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India keeps out of Russia blame game

New Delhi, July 23: India today said it was unwilling to join a global blame game over the downing of a Malaysia Airlines plane in eastern Ukraine last week, joining China among major nations that have refused to hold Russia responsible.

“We should wait for the investigation into the crash,” foreign ministry spokesperson and joint secretary Syed Akbaruddin said. “It would be premature for us to take a position while we await the outcome of a probe.”

This is India’s first official reaction to the geopolitical crisis sparked by the MH-17 crash last Thursday that left 298 people, including 10 of Indian origin, dead.

While the West has blamed Russian-backed separatists for shooting down the plane and Russia has said it suspects Ukrainian government forces, India has so far refrained from issuing any statement on the crash — apart from offering condolences.

Prime Minister Narendra Modi has written to Dutch Prime Minister Mark Rutte and Malaysian Prime Minister Najib Razak expressing his anguish. The Netherlands and Malaysia lost the most nationals in the crash.

But the Modi government has taken an internal decision not to join the US, UK, European Union and several other nations in threatening Russia with additional economic sanctions, or in blaming Russian President Vladimir Putin for the crash. It would just stay silent till pressed to speak, to minimise a public display of differences with western allies over the crisis.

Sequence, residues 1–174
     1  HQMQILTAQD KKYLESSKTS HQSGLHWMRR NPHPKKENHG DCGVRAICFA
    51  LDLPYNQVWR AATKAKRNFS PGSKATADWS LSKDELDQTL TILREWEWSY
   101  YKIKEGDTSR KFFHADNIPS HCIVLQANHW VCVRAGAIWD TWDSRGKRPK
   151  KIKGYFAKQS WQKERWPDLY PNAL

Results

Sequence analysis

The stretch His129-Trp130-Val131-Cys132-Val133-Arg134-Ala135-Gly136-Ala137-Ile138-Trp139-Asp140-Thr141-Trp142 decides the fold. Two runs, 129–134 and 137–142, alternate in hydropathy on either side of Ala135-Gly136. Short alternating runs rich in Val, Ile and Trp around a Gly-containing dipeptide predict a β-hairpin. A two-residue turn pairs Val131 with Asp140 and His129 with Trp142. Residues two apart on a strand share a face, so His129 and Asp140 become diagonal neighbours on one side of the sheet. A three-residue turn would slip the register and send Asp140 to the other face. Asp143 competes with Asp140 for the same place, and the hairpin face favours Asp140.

The Indian position articulated today — that New Delhi will wait for the results of the international probe into the crash before holding anyone responsible — mimics the stance China has taken.

Like India, China is notorious for its reluctance to take public positions on global disputes that don’t directly affect it — especially if such positions could complicate already tense trade and strategic relations with the US.

But at the UN Security Council meeting on July 18, a day after the crash, China said it did not support accusations against any nation before an investigation.

“Our priority now is to establish facts,” Liu Jieyi, China’s permanent representative at the UN, had said at the meeting that sought a fair, independent probe. “Pending that, it is not advisable to jump to any conclusion, make any assumptions or trade accusations.”